UPDATE: WA jags badly needed rain, light SA falls of concern

Liz Wells, June 6, 2024

WA’s Department of Primary Industries and Regional Development rainfall registrations in the 10 days to June 5 show around 20mm for much of the grainbelt.

  • UPDATE: Further rainfall overnight Thursday and early Friday in Western Australia has added to the already substantial totals received in recent days. Several places in the western part of the Central Wheatbelt received additional 20mm or more. In the Mid-west several welcomed many falls of about 20mm, a long time coming as it was early August 2023 when Geraldton Airport last recorded such rain.

LAST week delivered some desperately needed rain to dry sown crops in Western Australia to shore up production prospects for Australia’s biggest grain-exporting state.

With little to no subsoil moisture under most WA crops, regular follow-up falls will be needed to see it produce the 8.5 million tonnes of wheat, 4.1Mt of barley and 2.25Mt of canola forecast on Tuesday by ABARES in quarterly Australian Crop Report.

While conditions in Queensland and New South Wales are largely ideal, western Victoria could do with some rain, and South Australia’s situation is of concern, particularly on the vast Eyre Peninsula.

ABARES has SA pencilled in for 4.59Mt of wheat, 1.95Mt of barley and 470,000t of canola, and a kind spring will be needed to see those totals achieved.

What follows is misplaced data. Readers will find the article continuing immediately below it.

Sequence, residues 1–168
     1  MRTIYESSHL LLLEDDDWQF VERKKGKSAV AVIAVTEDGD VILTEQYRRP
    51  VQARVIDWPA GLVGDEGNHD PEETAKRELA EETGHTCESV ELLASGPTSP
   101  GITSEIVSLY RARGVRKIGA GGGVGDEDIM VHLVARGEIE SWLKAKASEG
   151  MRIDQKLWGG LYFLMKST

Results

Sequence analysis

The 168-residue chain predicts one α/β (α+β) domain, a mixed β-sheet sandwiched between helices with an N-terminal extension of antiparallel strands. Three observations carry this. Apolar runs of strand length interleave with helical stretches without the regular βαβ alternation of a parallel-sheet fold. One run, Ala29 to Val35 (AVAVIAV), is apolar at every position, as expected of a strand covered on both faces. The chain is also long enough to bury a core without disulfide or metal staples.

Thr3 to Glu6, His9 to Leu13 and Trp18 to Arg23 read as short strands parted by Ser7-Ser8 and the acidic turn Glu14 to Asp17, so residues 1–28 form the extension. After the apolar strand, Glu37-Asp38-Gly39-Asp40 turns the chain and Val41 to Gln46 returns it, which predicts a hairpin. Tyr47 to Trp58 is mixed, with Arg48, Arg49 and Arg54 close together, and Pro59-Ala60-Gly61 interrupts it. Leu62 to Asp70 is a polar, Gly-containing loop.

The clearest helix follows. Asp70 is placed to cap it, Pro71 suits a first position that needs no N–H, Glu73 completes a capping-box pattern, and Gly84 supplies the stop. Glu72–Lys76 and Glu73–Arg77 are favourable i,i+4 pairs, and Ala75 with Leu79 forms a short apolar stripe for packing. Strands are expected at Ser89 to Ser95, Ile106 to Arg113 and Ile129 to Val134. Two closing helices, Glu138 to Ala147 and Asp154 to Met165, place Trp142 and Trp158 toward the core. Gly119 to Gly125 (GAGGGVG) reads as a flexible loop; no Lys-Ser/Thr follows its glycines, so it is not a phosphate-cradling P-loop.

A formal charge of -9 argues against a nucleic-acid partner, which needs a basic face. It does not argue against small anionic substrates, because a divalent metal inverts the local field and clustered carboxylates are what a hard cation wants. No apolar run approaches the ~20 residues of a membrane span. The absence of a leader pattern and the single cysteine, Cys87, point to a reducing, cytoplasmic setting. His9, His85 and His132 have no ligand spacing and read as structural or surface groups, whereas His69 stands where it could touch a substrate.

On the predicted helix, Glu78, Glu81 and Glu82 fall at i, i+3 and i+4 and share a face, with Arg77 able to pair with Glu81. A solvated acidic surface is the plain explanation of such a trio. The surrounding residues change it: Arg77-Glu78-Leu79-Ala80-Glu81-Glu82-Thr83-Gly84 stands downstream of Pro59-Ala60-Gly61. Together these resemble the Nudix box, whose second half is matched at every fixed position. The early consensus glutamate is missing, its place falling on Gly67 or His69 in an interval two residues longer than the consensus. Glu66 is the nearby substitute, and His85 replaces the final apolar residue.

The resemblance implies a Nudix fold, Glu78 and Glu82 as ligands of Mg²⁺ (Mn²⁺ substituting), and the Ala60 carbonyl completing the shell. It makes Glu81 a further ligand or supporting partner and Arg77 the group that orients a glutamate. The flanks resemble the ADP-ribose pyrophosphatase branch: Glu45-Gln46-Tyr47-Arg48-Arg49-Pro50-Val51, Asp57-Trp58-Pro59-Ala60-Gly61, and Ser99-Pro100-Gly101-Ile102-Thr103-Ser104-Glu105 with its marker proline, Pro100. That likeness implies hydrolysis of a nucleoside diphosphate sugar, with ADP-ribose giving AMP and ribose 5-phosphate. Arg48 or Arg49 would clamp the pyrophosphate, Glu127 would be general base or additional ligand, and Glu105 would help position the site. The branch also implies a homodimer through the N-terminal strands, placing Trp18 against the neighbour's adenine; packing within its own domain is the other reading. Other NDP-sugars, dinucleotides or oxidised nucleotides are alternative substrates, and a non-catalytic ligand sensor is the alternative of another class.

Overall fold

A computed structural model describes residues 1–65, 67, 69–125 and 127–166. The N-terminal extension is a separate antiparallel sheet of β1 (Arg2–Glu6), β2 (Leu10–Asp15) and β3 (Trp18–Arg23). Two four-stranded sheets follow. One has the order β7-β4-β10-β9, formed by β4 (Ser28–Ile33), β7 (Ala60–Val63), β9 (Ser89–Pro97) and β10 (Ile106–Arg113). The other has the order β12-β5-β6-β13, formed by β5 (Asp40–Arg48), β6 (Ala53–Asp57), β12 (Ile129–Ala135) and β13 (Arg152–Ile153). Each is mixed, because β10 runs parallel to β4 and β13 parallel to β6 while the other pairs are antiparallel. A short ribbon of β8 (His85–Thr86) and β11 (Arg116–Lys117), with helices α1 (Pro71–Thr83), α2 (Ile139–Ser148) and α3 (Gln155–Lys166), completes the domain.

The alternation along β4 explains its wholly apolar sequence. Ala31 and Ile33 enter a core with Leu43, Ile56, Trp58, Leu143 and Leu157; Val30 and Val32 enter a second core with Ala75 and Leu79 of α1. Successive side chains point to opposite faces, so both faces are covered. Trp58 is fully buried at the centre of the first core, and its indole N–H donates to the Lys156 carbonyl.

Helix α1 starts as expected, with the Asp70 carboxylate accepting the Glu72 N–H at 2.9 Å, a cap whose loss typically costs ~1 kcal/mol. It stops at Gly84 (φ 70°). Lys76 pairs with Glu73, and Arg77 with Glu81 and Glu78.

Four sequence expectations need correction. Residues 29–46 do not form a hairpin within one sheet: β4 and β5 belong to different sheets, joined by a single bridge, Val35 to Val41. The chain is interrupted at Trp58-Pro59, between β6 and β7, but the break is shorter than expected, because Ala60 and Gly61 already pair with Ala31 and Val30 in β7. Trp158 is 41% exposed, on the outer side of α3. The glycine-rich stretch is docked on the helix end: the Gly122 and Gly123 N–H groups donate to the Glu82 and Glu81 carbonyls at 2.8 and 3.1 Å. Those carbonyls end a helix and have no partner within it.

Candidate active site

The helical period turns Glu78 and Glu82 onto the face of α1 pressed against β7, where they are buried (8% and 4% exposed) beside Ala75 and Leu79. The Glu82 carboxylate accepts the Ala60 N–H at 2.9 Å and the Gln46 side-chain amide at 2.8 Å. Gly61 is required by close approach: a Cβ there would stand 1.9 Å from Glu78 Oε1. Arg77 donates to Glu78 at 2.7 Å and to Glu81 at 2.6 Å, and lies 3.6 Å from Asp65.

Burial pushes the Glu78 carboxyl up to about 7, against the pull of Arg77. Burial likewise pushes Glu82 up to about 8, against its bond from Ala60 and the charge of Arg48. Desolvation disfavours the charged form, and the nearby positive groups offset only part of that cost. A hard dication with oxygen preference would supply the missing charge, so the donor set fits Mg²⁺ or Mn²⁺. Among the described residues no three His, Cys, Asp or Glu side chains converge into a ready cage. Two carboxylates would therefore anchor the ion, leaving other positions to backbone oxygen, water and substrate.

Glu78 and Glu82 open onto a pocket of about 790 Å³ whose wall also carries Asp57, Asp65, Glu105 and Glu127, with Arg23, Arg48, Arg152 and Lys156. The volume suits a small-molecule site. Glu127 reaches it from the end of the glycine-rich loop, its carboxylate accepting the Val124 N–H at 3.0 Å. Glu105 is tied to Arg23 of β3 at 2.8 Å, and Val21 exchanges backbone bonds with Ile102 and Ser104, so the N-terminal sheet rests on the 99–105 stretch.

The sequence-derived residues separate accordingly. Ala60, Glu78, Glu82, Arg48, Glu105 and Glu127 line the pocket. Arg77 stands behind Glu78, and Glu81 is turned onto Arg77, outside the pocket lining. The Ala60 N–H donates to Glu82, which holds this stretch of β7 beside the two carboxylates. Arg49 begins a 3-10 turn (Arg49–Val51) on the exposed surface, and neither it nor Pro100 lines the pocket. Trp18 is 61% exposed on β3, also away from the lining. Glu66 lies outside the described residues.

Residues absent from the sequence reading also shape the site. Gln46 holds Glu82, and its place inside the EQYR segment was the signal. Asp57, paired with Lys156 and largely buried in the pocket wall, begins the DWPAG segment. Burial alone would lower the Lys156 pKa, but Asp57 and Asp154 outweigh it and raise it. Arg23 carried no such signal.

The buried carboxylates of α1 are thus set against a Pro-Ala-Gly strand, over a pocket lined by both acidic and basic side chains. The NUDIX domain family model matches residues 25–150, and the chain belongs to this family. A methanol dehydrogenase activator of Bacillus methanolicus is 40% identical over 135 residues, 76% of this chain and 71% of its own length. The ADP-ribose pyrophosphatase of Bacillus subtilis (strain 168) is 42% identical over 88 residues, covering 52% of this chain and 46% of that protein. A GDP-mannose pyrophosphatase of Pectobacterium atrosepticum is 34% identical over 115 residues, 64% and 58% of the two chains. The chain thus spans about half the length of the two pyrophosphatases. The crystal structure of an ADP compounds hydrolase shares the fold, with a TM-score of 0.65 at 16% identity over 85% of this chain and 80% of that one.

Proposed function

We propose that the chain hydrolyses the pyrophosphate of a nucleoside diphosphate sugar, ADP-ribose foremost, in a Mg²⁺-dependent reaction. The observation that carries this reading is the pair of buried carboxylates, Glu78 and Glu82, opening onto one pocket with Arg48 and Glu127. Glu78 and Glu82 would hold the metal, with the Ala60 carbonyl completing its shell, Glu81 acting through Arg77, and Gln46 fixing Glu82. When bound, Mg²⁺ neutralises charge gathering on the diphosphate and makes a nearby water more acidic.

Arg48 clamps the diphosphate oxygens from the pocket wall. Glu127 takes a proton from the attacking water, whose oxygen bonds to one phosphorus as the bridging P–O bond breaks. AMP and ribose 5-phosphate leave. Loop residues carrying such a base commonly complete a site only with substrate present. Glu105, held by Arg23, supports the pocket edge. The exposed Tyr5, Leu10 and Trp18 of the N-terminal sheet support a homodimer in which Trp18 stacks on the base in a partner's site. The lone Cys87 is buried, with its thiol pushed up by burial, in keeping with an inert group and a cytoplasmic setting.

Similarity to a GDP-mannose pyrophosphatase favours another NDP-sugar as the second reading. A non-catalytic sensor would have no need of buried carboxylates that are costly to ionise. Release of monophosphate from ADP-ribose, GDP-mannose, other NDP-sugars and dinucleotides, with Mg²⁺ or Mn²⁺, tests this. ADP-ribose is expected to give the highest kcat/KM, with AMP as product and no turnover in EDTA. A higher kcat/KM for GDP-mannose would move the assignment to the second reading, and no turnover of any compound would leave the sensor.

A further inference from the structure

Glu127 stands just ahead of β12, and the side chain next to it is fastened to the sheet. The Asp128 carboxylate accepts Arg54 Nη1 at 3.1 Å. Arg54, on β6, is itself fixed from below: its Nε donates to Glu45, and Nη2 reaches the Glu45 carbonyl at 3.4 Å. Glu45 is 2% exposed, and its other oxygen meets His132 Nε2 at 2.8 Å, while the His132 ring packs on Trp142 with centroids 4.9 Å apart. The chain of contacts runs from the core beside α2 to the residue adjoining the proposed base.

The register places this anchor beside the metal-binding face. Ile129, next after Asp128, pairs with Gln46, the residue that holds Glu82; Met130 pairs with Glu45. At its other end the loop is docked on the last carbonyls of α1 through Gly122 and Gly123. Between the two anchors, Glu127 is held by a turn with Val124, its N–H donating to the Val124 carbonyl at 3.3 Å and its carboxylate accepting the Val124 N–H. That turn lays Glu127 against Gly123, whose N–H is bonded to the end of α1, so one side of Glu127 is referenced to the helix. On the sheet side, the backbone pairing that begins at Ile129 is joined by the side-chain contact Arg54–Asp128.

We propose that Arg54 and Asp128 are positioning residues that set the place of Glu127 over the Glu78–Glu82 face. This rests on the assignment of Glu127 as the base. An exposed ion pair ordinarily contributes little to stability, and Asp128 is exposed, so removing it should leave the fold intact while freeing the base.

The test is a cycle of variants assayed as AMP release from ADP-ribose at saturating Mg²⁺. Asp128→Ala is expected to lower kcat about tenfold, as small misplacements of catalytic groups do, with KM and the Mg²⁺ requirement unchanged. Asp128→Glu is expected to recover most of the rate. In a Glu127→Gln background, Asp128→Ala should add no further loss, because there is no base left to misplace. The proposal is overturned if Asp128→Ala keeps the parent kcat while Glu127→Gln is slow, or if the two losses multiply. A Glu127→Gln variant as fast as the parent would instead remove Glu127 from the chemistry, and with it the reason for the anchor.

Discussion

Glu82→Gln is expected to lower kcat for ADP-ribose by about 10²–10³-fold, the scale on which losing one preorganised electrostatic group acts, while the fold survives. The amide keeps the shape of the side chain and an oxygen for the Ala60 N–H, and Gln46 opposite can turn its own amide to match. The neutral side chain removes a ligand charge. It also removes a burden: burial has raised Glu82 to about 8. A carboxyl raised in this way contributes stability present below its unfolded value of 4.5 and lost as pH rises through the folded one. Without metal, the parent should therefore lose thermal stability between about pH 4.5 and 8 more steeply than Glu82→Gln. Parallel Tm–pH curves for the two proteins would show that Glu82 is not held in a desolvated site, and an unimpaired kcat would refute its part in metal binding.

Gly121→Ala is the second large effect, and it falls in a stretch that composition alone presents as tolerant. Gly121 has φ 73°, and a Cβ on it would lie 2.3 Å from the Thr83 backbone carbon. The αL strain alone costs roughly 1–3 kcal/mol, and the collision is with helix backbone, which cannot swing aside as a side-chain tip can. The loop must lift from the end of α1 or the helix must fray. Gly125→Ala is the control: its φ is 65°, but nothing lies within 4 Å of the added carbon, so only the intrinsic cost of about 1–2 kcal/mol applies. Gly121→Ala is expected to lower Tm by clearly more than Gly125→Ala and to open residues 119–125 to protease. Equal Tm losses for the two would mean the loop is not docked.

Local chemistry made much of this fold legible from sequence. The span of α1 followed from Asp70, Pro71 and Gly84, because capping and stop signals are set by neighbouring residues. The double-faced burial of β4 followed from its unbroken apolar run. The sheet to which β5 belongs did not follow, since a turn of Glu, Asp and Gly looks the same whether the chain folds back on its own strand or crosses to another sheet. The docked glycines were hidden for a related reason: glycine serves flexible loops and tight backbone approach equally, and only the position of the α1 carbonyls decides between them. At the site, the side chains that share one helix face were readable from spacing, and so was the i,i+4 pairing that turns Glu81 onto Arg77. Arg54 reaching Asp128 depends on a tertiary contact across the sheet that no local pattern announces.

Ag Innovation & Research Eyre Peninsula conducts RD&E for EP growers, and an AIR EP report prepared for Grain Central this week highlights SA’s patchy start to the season.

“When asking Eyre Peninsula farmers how seeding is going, you know the response will be ‘dry; but this season we are often hearing ‘staggered’, ‘stop-start’, ‘drawn out’ and so on,” the report said.

“During seeding, you always expect the good, bad and the ugly but like much of the state, we are seeing more of the ‘bad and the ugly’.”

AIR EP reports the past seven days have brought rain to most of EP, with some Far West coastal areas receiving up to 20mm, against 3-5mm in a single rain event on the Eastern EP.

“Many total croppers are at least 75 percent into their cropping program, with several larger farmers now finished.

“Smaller mixed farmers are being selective about the paddocks they sow as they await moisture, and prioritise soil types they are sowing into.

“Many are leaving sandy areas out of their program, or leaving them until reasonable rain is received, due to risk of drift, and some farmers have reduced canola planting due to risk of mice and germination.”

AIR EP said lentil plantings were expected to be higher than ever on EP this season.

“On the Upper EP, minimal, patchy germination has been observed.

“Sandy loam soil types have more advanced germination than heavier ground.

“Many are nervous about the staggered germination, and others are still being selective on which soil types they are choosing to dry sow, hoping for moisture over the latter half of seeding.

“Majority of farmers we have spoken to have proceeded with their regular cropping program.